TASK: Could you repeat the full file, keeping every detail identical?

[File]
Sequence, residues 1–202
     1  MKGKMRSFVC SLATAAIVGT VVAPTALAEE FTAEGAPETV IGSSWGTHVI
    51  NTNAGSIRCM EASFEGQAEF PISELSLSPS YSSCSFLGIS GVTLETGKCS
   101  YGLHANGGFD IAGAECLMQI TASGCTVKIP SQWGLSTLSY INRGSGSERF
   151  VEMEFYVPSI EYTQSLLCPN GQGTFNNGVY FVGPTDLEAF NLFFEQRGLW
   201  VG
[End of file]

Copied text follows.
Sequence, residues 1–202
     1  MKGKMRSFVC SLATAAIVGT VVAPTALAEE FTAEGAPETV IGSSWGTHVI
    51  NTNAGSIRCM EASFEGQAEF PISELSLSPS YSSCSFLGIS GVTLETGKCS
   101  YGLHANGGFD IAGAECLMQI TASGCTVKIP SQWGLSTLSY INRGSGSERF
   151  VEMEFYVPSI EYTQSLLCPN GQGTFNNGVY FVGPTDLEAF NLFFEQRGLW
   201  VG